WordPress and AMP

In this meetup, Caspar Hübinger (@glueckpress) introduced the Accelerated Mobile Pages project and its ties to WordPress. As an active promoter of the Open Web, WordPress has been an early adopter of the AMP project on a large scale.

The talk’s purpose was to offer perspective for an open discussion on whether, why, and how WordPress developers and users could benefit from AMP, particularly in relation with the upcoming Gutenberg editor, as a framework to achieve rich content experiences with performance best practices built right in.

Frameworks through the ages


  • free, open-source JavaScript library for simplifying client-side scripting of HTML
  • most used JavaScript library
  • released by John Resig in 2006, originally under under CC BY-SA 2.5, relicensed to MIT License shortly after
  • dual-licensed under GPL and MIT licenses at the end of 2006
  • GPL was dropped in 2012
  • currently licensed under MIT license
  • maintained by a team of developers, overseen by the jQuery Foundation
Copyright JS Foundation and other contributors, https://js.foundation/

jQuery UI

  • free, open-source curated set of user interface interactions, effects, widgets, and themes built on top of jQuery
  • released in 2007 by The jQuery Team (kicked off by Paul Bakaus) under MIT License
  • second most used JavaScript library
Copyright jQuery Foundation and other contributors, https://jquery.org/


  • free, open-source front-end framework
  • developed by Mark Otto and Jacob Thornton at Twitter
  • released in 2011 under MIT License
  • originally maintained by/at Twitter, nowadays maintained by Mark Otto, Jacob Thornton, and contributors
Copyright (c) 2011-2018 Twitter, Inc.
Copyright (c) 2011-2018 The Bootstrap Authors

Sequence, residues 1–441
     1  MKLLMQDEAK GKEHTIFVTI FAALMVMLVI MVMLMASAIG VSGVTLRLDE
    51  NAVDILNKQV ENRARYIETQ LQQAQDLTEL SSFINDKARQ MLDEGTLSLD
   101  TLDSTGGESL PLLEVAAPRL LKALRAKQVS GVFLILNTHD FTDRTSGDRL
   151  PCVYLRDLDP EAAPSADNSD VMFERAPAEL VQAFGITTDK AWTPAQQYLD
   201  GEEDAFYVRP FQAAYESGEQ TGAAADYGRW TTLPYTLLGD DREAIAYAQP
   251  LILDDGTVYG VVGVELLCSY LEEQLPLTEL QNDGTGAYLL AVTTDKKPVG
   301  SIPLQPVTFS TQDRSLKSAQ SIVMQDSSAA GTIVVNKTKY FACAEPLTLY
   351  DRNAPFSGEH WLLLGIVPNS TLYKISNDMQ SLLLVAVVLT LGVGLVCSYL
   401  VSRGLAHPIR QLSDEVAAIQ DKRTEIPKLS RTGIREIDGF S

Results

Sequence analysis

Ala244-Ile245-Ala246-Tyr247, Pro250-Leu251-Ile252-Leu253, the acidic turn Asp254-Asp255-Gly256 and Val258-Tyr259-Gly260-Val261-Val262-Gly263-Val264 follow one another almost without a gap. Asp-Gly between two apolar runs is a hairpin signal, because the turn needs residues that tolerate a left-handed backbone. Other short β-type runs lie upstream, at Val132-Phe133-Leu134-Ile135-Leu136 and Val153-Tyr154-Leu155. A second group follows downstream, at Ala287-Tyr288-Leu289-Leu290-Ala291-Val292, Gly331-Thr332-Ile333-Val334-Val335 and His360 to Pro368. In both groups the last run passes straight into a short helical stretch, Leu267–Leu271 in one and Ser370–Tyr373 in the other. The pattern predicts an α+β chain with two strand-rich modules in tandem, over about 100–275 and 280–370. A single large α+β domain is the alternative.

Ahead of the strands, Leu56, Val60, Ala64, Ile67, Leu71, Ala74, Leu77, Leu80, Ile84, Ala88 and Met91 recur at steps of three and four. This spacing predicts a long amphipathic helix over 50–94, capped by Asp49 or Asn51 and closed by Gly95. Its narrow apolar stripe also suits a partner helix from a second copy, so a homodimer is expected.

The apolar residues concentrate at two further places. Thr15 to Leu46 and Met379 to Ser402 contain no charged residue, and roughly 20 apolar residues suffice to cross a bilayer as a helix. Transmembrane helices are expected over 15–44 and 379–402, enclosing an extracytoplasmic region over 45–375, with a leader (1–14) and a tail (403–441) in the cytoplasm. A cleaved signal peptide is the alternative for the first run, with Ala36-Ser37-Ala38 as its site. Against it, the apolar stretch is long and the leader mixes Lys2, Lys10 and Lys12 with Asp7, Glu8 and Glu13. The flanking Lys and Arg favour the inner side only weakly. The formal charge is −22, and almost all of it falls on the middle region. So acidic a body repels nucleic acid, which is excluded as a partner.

• JavaScript-based open-source front-end web application framework
  • developed in 2009 by Miško Hevery at Brat Tech LLC
  • MIT License
  • maintained by Google and a community of contributing developers and companies
  • active development ends on June 30, 2018; version 1.7 long-term support will end on June 30, 2021
Copyright (c) 2010-2018 Google, Inc. http://angularjs.org


  • JavaScript library for building user interfaces
  • created by Jordan Walke at Facebook
  • maintained by Facebook and a community of contributing developers and companies
  • open-sourced under standard Apache License 2.0 in May 2013
  • re-licensed with a 3-clause BSD license and separate PATENTS text file in October 2014
  • re-licensed under MIT License in September 2017
Copyright (c) 2013-present, Facebook, Inc.

AMP (Accelerated Mobile Pages)

  • open-source toolset for creating fast and usable web pages
    • AMP HTML: HTML subset and superset, extended with custom properties
    • AMP JS: JavaScript-based implementation of performance practices, resource loading management, and custom tags
    • AMP Cache: proxy-based content delivery network for delivering valid AMP documents
  • first commit by Malte Ubl (Google) on 3 September 2015
  • maintained by the AMP team (mostly Google) and a community of contributing developers and companies
  • Apache License 2.0
Copyright 2015, Google Inc.

Why frameworks?

Code from scratch Use framework
Write HTML 🥐
Write JavaScript ☕️
Write CSS Import component
Customise design Customise design


  • Overhead
  • Code dependencies